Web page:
In general, from the author's sofa, the situation looks something like this. From the moment of their appearance and before the commissioning of the ships of the 667BDRM and 941 projects, our nuclear-powered SSBNs had noise levels that did not provide them with overcoming the NATO ASW lines and entering the ocean. Our ships were too visible to be thrown against an entire ASW system, which included stationary hydrophones and sonar reconnaissance ships, numerous frigates and destroyers, submarines, specialized aircraft and helicopters, and even spy satellites.
Accordingly, the only way to ensure the combat stability of our submarine ballistic missile carriers was to deploy them in the so-called "bastions" - zones of dominance of the USSR Navy, where the presence of NATO surface and air forces was, if not completely excluded, then extremely difficult. Of course, we could only build such "bastions" in the seas adjacent to our borders, so such a concept could appear only after ballistic missiles of the corresponding range appeared in service with SSBNs.
Thanks to this decision, we moved the SSBN patrol areas out of the reach of the enemy ASW system into our zone of a similar purpose. Thus, the combat stability of the NSNF has obviously increased significantly. But, nevertheless, our 1st and 2nd generation SSBNs, even in "bastions", remained vulnerable to enemy multipurpose nuclear submarines, which had a great advantage in low noise. Apparently, the situation dramatically improved only in the second half of the 1980s, when Dolphins and Sharks entered service with the Northern Fleet in some significant numbers.
The author suggests that in the second half of the 80s, the Northern Fleet provided covert deployment of SSBNs of projects 941 and 667BDRM. Yes, it is possible that even the Akula did not have the opportunity to evade contact with the American multipurpose nuclear submarine, but the point is that reducing the noise level of SSBNs is an extremely important factor even if it is not possible to achieve superiority or at least equality in this indicator with the enemy's nuclear submarine. And the point is this.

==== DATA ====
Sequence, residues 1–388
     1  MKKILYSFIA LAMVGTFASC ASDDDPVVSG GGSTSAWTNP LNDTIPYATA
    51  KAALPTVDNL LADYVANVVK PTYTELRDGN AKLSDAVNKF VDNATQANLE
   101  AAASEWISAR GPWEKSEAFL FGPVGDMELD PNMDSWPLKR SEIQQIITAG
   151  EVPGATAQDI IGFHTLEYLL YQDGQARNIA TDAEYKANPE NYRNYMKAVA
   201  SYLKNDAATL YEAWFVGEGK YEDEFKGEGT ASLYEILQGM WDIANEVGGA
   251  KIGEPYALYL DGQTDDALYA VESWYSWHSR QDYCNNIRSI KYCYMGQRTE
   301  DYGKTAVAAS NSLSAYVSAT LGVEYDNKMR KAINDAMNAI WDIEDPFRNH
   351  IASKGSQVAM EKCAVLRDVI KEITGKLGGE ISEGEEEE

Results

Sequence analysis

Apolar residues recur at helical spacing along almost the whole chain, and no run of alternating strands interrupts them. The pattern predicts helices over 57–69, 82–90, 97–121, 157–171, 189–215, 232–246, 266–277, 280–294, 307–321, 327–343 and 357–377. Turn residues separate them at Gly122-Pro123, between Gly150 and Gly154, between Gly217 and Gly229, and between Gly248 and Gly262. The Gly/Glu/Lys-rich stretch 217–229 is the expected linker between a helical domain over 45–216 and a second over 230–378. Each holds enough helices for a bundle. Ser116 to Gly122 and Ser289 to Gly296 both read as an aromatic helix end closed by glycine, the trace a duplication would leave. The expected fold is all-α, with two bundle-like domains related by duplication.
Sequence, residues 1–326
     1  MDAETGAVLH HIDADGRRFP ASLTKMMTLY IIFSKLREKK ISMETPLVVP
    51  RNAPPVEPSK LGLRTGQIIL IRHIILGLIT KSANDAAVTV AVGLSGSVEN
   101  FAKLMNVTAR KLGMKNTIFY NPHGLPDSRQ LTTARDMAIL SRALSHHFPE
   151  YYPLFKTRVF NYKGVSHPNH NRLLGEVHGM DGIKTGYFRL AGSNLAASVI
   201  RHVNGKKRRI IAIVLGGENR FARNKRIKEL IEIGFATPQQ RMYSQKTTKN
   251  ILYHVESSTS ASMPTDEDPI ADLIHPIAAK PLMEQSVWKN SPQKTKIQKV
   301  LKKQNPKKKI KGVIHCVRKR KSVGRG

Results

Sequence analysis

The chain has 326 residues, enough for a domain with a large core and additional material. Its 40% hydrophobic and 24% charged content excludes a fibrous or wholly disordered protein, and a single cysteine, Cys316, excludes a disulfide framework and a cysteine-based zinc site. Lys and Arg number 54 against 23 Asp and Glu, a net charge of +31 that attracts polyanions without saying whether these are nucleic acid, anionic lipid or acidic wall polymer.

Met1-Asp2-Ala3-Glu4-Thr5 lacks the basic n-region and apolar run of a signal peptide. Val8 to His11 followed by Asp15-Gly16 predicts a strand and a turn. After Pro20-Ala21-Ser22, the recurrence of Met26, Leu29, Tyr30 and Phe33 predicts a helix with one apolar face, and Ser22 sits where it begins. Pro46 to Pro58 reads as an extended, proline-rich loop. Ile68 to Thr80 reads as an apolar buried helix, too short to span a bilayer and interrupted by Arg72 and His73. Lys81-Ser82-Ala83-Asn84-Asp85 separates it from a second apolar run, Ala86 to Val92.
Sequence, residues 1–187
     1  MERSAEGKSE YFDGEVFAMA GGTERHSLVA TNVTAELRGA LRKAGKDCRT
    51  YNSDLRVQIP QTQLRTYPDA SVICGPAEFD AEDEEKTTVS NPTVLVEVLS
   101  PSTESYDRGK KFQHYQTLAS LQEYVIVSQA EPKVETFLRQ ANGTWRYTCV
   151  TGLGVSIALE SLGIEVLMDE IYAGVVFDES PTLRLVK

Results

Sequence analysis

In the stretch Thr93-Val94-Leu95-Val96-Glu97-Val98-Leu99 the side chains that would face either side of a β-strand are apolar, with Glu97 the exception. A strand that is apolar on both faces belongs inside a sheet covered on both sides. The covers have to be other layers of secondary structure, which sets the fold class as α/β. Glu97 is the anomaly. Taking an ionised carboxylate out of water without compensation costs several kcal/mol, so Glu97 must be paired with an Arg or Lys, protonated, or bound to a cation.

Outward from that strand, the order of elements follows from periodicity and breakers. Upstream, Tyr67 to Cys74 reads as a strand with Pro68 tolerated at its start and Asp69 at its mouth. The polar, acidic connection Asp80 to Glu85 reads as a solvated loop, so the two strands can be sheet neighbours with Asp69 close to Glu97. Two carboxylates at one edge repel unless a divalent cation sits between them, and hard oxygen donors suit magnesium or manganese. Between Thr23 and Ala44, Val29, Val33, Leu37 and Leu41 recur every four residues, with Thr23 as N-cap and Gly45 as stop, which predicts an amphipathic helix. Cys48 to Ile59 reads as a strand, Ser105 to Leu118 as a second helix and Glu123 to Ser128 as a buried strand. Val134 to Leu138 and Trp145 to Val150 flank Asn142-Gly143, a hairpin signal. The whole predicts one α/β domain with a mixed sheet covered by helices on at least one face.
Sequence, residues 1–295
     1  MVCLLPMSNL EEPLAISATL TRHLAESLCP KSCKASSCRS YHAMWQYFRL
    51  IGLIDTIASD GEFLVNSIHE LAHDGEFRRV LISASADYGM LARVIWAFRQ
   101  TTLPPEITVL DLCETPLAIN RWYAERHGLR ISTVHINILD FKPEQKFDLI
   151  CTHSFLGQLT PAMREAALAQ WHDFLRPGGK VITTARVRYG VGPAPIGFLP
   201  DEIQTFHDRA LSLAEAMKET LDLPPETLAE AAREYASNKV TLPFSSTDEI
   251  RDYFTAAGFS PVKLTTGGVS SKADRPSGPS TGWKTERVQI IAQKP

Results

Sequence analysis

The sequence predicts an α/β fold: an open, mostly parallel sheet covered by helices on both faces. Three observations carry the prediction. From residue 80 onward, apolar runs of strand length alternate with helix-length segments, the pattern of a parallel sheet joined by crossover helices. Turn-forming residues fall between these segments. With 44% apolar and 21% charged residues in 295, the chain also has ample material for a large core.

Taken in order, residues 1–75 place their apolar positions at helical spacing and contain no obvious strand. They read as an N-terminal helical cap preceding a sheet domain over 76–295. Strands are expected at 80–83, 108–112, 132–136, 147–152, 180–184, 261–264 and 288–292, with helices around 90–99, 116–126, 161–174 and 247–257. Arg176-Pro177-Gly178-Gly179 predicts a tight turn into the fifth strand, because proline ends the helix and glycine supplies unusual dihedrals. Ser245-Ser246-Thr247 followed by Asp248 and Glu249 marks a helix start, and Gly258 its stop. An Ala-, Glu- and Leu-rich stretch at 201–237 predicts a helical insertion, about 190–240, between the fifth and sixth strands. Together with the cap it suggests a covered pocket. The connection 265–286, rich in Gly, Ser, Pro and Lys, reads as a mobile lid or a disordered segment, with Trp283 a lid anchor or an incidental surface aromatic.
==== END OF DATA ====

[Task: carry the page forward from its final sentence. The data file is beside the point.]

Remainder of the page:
The lower the noise of the SSBN, the shorter the detection distance. And the capabilities of US nuclear submarines to search in the same Barents Sea were largely limited by the Soviet PLO system, which included many surface and submarine ships, aircraft and helicopters. In the 80s, "Los Angeles" in northern waters met "black holes" - diesel-electric submarines of Project 877 "Halibut", BOD of Project 1155, equipped with a monstrous mass (about 800 tons) but also very powerful SJSC "Polynom" ", Multipurpose" Pike "and" Pike-B ", etc. All this did not exclude the passage of the "moose" to the "bastion", but nevertheless seriously limited their search capabilities. And the low noise level of SSBNs, combined with the difficulties that the Soviet ASW system created for the Americans, reduced the likelihood of such a meeting to values acceptable to us.